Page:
• Will I want or need to downsize my home someday?
  • As you look through photo albums, do any photos stand out that you no longer need to save?

Remember, back in the day; it was normal to save every photo taken because we had so few to look through. If you do decide to continue using photo albums, chances are, you’ll want to get rid of poor quality photos and place the good pictures in new, photo safe albums. Another option is storing the photos in high quality, photo safe archival boxes.

Getting Started
First, be sure you are prepared for quick action in working with your albums. This is no time for memory lane if you want to finish saving your photos. Here’s a list of items that will be helpful for you as you start removing photos.

  • Photo boxes or bins
  • Index cards and Post-It notes
  • Photo labeling pencil
  • Spatula for sticky album pages or dental floss 
  • White gloves if you have very old, fragile photos

As you take photos out of the albums, only keep the best photos that help tell your family story. You can place them in photoboxes or bins temporarily (if returning to the albums) or you can put them in a photo safe archival quality photo box. I like to use index cards or dividers to separate the photos by year.

Later on, when you are scanning the photos, then the digital files can be labeled by year. If you prefer, you can also divide your photos up by person or subject. However, chronological order is great if you are dealing with many photo albums. We recommend our clients create an Age Chart to help with estimating the dates of photos you don’t know.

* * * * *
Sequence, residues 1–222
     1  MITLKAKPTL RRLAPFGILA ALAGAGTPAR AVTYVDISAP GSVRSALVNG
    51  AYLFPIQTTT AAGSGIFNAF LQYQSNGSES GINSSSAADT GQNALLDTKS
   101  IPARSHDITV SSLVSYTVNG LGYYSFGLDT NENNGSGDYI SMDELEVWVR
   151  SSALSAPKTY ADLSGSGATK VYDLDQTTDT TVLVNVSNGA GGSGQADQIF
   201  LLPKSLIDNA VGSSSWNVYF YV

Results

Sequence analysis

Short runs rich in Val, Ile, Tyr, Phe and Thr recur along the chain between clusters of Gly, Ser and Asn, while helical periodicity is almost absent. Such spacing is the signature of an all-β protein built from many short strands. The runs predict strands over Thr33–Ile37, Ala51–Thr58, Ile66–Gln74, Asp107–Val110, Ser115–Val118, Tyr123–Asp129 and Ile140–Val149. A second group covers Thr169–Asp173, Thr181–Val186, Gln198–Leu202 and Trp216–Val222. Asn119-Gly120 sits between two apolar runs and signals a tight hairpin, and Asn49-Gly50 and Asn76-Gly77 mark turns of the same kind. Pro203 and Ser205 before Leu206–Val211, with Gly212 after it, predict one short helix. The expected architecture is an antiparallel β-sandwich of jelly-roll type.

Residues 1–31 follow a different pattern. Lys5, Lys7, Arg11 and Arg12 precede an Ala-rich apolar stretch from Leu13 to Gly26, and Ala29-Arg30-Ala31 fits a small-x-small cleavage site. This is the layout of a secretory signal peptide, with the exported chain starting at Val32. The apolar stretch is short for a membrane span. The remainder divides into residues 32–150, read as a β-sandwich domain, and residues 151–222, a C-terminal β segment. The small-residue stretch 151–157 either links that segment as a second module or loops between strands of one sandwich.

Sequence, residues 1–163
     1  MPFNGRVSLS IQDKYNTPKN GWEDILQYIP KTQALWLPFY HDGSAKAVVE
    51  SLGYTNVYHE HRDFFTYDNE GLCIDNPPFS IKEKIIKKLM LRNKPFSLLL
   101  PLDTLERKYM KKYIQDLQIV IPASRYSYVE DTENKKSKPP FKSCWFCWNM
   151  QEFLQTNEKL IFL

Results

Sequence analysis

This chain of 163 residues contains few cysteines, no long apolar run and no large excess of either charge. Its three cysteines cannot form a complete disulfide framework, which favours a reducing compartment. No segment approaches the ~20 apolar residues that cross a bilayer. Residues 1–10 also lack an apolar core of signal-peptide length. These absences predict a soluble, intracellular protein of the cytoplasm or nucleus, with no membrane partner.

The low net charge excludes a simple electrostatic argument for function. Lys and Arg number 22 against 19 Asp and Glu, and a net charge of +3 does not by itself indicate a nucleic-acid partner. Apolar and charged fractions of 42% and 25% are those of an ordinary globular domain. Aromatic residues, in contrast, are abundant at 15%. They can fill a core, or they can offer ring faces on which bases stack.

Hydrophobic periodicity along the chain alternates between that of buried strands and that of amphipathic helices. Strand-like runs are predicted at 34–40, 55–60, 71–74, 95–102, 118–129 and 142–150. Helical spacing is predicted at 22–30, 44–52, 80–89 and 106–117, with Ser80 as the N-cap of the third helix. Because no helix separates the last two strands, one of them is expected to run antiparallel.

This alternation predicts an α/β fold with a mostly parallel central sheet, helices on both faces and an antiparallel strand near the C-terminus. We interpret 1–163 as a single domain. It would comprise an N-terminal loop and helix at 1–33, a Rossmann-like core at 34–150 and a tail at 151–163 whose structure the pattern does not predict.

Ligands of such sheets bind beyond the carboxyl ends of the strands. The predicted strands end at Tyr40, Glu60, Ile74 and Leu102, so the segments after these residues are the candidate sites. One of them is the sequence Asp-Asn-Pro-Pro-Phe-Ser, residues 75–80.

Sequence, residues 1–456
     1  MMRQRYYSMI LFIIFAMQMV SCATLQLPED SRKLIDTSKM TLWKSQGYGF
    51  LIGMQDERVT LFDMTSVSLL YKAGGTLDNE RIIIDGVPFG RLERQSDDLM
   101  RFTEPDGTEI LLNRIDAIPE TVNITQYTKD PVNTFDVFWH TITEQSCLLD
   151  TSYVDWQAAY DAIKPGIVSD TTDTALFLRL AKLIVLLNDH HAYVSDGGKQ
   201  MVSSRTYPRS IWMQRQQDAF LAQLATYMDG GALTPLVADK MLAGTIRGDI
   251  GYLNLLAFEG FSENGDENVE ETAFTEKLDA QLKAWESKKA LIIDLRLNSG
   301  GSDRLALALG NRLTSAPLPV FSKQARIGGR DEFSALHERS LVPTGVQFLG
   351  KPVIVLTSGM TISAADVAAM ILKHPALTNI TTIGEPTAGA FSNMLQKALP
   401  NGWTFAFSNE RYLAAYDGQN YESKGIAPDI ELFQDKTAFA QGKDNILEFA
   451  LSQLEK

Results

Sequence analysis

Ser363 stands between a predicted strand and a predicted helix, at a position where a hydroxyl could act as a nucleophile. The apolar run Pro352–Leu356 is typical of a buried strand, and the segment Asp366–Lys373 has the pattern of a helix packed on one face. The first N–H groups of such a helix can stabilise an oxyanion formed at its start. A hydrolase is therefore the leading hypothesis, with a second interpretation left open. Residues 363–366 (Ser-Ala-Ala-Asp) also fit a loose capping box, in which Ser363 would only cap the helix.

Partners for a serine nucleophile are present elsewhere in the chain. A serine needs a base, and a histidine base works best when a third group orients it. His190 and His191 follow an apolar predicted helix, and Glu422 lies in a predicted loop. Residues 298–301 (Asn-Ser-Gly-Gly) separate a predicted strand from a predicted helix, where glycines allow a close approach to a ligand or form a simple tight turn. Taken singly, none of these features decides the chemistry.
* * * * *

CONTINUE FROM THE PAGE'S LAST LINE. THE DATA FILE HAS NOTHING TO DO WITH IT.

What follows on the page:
Which Photos to Keep?
It can be overwhelming to look at decades of accumulated photo albums. Think of your role as a curator. No one wants to look at all the photos of a lifetime. Instead, you will want to select the best photos and stories out of a generation or more of photos that the family can enjoy together.

 Here’s some thoughts as you think about what to save.

  • Identifiable people: save the photos where you know who is in the picture and why the event is significant to the family
  • Vacations: save the very best photos with family members in the picture. Save a few of the best landscape scenes
  • Repetitious photos: Never mind duplicates, repetitious photos are boring to look at. Think of the many birthday parties with one picture for each present a child opened.

Remember we are trying to save the photos that tell the essence of what life was like back in the day. We don’t need to save a photo for every moment that was caught on film. 

Scanning Photos
With today’s available technology, scanning photos can be easy. Using a flatbed scanner is definitely not going to be a good answer. We recommend using the Kodak Alaris Picture Saver Scanning System. The high speed scanner can scan photos up to 1000 photos an hour, depending upon how prepared you are. In addition, it scans both the front and the back of a photo if you’d like to preserve any handwritten notes. If you don’t have a local place to rent this scanner, use the contact information below and we can arrange to have a scanner system shipped to you.
 

Wrapping Up
Hopefully, this article will have shed some light on how you can start to preserve your photos and family memories. Prepare to laugh and cry as you go through your photos, but more importanly, enjoy the feelings of relief when you have saved the best of your family photos for future generations to know your story.
 

About the Author
Mollie Bartelt, Co-Founder of Pixologie, has helped hundreds of people get their photos out of chaos and back into life to be celebrated and shared. She wrote “A Simple Guide to Saving Your Family Photos” to share the Pixologie photo organizing system. It is available on Amazon.

email: mollieb@pixologieinc.com
phone: 414-731-1881
website: pixologieinc.com